When you declare a C++ array, it constructs all of the objects on the stack, and they stay there until the array itself is deleted:
std::string ArrayOfStrings; //There are now ten strings here
Objects can't be "removed" from this kind of array. When ArrayOfStrings goes out of scope, it automatically deletes all the strings in the array. If you edit an object in this array, that object itself is changed. You actually changed the string itself, not some pointer or reference.
If you have an array of pointers, then C++ constructs all of the pointers, but you have to manage what they point at yourself:
You can manually delete strings that the pointers in the array point to, but you have to do all of that yourself. When ArrayOfPointersToStrings goes out of scope, it WILL NOT delete anything the strings point at. If you edit a pointer without deleting it first, that's a memory leak, and that's bad.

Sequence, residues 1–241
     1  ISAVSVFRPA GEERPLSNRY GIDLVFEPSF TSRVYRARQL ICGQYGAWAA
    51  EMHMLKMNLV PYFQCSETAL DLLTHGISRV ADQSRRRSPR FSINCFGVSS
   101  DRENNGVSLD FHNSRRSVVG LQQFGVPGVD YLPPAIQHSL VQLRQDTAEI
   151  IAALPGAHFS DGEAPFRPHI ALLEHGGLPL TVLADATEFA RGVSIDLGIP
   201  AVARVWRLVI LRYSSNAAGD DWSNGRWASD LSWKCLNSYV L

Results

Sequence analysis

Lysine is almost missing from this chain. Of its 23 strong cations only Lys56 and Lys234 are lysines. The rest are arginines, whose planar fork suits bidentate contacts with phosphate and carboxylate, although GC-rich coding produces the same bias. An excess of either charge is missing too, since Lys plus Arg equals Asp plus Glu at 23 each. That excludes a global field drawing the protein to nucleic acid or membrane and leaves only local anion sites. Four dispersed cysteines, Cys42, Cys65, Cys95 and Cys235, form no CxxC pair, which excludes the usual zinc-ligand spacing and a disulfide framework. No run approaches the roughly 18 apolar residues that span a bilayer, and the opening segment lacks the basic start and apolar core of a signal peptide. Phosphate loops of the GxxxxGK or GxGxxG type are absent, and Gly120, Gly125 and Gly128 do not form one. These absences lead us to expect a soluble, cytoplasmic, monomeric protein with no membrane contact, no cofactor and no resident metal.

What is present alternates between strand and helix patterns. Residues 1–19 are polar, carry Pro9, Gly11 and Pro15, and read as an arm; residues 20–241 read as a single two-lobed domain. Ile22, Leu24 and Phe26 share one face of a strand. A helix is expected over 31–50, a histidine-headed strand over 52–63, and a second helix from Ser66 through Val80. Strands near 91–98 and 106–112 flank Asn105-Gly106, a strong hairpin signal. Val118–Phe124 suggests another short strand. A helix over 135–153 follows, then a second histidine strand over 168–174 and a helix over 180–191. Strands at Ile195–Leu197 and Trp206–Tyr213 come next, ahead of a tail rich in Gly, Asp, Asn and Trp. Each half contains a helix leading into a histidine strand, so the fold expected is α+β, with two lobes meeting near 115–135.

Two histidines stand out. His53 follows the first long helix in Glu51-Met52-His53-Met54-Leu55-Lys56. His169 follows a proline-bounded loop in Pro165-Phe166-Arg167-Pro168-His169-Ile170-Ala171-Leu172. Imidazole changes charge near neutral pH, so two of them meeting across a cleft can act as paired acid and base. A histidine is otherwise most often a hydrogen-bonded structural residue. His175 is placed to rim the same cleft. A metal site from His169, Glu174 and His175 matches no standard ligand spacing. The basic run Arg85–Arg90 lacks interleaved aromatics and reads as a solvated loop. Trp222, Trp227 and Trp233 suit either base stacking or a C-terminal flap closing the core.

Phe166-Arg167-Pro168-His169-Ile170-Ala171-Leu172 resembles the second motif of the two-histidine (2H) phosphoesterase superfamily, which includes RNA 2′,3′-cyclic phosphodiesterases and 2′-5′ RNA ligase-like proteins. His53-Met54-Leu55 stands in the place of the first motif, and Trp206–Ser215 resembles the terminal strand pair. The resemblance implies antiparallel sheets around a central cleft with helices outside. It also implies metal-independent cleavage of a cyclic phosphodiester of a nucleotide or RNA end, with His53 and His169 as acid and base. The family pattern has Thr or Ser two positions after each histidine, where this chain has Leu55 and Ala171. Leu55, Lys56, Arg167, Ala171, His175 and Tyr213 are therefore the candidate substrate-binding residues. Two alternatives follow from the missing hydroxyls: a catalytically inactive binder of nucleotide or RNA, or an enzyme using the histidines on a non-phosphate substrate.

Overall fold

If you have a std::vector, C++ constructs only some objects depending on how you construct it:
This creates a dynamic array of strings. It is possible to remove objects from a vector, in which case the vector instantly deletes it and rearranges the rest for you. If you edit an object in this array, that object itself is changed. You actually changed the string itself, not some pointer or reference.
To clarify comments:
char *myLiteral = "APPLE";
//"APPLE" is an immutable string, myLiteral points at it.
std::string s= myLiteral;
std::string t = myLiteral;
//s and t each makes a _seperate_ _mutable_ copy of "APPLE"
s = '?';
//s is now "APP?E", because we just changed the L. NO COPY WAS DONE.
std::cout << t;
//displays "L", because t's copy was never changed.